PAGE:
Engineering Graduates Welcome the New Ritual of the Calling of a Gryphoneer.
What started as a prank in March of 2018, has become the start of a new School of Engineering tradition. Last year, University of Guelph engineering students invited our glorious Gryphon statue to join them in the Ritual of the Calling of an Engineer by “engineering” a gryphon-sized ring of its own.
The Iron Ring is a small and understated band, worn on the little (‘pinky’) finger of the engineer’s dominant hand. The semi-circular facets of the ring act as a sharp reminder of the obligation while the engineer works, as it could drag along the writing surface of which the engineer is writing on.
Each year, graduating students participate in this Canadian century-old closed ceremony to mark the completion of their four years of rigorous study, where they each receive their Iron Ring. A symbol of pride, it also serves to remind engineers of the obligations, ethics and commitment that is associated with their profession.
The Gryphon statue first came to the University of Guelph in the Spring of 2014. Four years later (the standard length of an Engineering degree), the class of 2018 graduating class honoured the Gryphon with an oversized iron ring of its own (see image at right, photo credit: unknown). A covert group of engineering activists orchestrated a plan to place their stamp on the the well-known U of G landmark. Sadly, this prank wasn’t well-received by all, and the ring was removed from the Gryphon’s talon shortly after. It’s rumoured that the original ring is mounted in a proud professor’s office - in two pieces.
“The engineering prank, that placed a ring on the Gryphon last year, was not intended to damage or deface the Gryphon”, stated John Runciman, Interim Director of the School of Engineering. “It was simply to bestow upon it a symbol of honour and pride. The initial response to the prank was a flurry of campus activity to track down the culprits. In the end, the prank opened the door for the sanctioning of the Gryphon getting an Iron Ring placed on its finger each year, coinciding with the annual Iron Ring ceremony for our graduating class.”
Of course, a project of such importance to students and faculty couldn’t be done again without some help, guidance and – in the end – permission, to make this an annual tradition. The newly created ring has had a few upgrades: the addition of some leather to the inside of the ring to prevent any damage to the statue; tamperproof bolts to ensure that the ring isn’t stolen yet can be easily removed after the 24 hours of allotted time; and it is now engraved – with the University of Guelph logo and the graduating class’ years: 2019 for this year’s class, and 2018 as a fair nod to last year’s Gryphon ring initiators.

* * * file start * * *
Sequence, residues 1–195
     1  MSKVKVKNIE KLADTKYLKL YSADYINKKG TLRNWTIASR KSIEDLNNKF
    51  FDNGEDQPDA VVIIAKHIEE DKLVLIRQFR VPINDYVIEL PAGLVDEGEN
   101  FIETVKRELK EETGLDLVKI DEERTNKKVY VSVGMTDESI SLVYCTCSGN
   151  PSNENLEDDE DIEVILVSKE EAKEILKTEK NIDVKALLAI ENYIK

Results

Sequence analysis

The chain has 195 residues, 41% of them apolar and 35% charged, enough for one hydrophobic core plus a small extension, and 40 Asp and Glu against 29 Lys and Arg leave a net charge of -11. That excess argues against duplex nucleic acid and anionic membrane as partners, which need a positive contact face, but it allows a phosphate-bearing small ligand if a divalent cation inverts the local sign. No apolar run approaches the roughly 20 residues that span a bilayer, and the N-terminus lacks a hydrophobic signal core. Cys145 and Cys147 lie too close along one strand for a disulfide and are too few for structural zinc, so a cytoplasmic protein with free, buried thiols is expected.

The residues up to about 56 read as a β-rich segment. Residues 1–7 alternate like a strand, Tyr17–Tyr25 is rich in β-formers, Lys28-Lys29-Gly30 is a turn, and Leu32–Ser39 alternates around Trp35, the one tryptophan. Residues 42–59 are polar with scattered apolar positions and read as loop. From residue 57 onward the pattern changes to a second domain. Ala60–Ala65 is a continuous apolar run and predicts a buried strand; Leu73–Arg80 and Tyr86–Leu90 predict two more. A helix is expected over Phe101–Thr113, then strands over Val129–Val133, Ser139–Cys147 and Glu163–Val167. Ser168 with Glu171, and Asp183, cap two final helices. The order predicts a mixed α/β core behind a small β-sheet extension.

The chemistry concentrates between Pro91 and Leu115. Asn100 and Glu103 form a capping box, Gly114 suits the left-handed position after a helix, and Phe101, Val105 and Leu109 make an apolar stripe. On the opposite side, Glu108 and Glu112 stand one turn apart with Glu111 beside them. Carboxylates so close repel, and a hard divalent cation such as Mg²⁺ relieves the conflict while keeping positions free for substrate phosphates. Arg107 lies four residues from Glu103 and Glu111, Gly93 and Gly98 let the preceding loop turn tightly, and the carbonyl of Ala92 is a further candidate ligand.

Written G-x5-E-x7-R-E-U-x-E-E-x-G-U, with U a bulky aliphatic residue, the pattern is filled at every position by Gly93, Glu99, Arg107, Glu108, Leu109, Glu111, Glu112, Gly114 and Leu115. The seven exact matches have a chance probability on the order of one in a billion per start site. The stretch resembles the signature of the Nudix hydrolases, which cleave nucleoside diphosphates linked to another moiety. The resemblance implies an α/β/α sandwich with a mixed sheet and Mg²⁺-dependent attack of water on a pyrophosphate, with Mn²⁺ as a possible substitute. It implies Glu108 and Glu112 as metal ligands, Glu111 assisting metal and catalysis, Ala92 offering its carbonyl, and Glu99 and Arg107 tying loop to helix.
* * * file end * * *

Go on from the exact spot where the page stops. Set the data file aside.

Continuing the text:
“I pushed for the engraving” stated Barry Verspagen, the mechanical engineering technologist here at Engineering. “I think that in the long run, years from now when the ring is still around, people will look back and see - oh yeah 2018, I remember that year.” Barry referred to himself as “the behind the scenes guy” when asked about his involvement in the project; “I spent well over a day just doing the set-up and the machining. It was fun to see the students working on the project.”
A couple of newly graduated students couldn’t help but feel extra proud of their accomplishments. Proud to be receiving their Iron Rings, and – possibly even more so – getting to share it so monumentally with the Gryphon, and the University as a whole. “I thought it was pretty sweet!” said student Taylor Caught, when asked how he felt about the ring after receiving his own moments earlier. “It made me proud to be graduating and made me realize that the School of Engineering at Guelph is really important” he said.
The new ring’s designer, Engineering student Atli Eyvindson, recreated the Gryphon’s Iron Ring this year - finishing it only moments before the ceremony commenced. An image to the right shows the new ring being cut in the AML lab at Engineering (photo credit: Atli Eyvindson). When asked what he thought about this new tradition, he said “It was really cool. It was cool to have something that’ll be on there for the next…21 years?” referring to the number of engravable facets left on the ring. “So in 21 years I’ll be back to take it home,” he joked. “But I think it will have to go in a display case somewhere.”
The Guelph Gryphon is more than a statue to students here at UofG; it has quickly become a sentiment to call fellow students, faculty and staff “Gryphons”. So, it is no surprise that the Gryphon receiving an Iron Ring has received little to no push back, as the Gryphon has been accepted by students as one of their own. The School’s Interim Director John Runciman concluded: “This year we have started what will hopefully be a long running tradition of ringing the Gryphon that is in keeping with the spirit and symbolism of both the Iron Ring and the Gryphon here at the University of Guelph”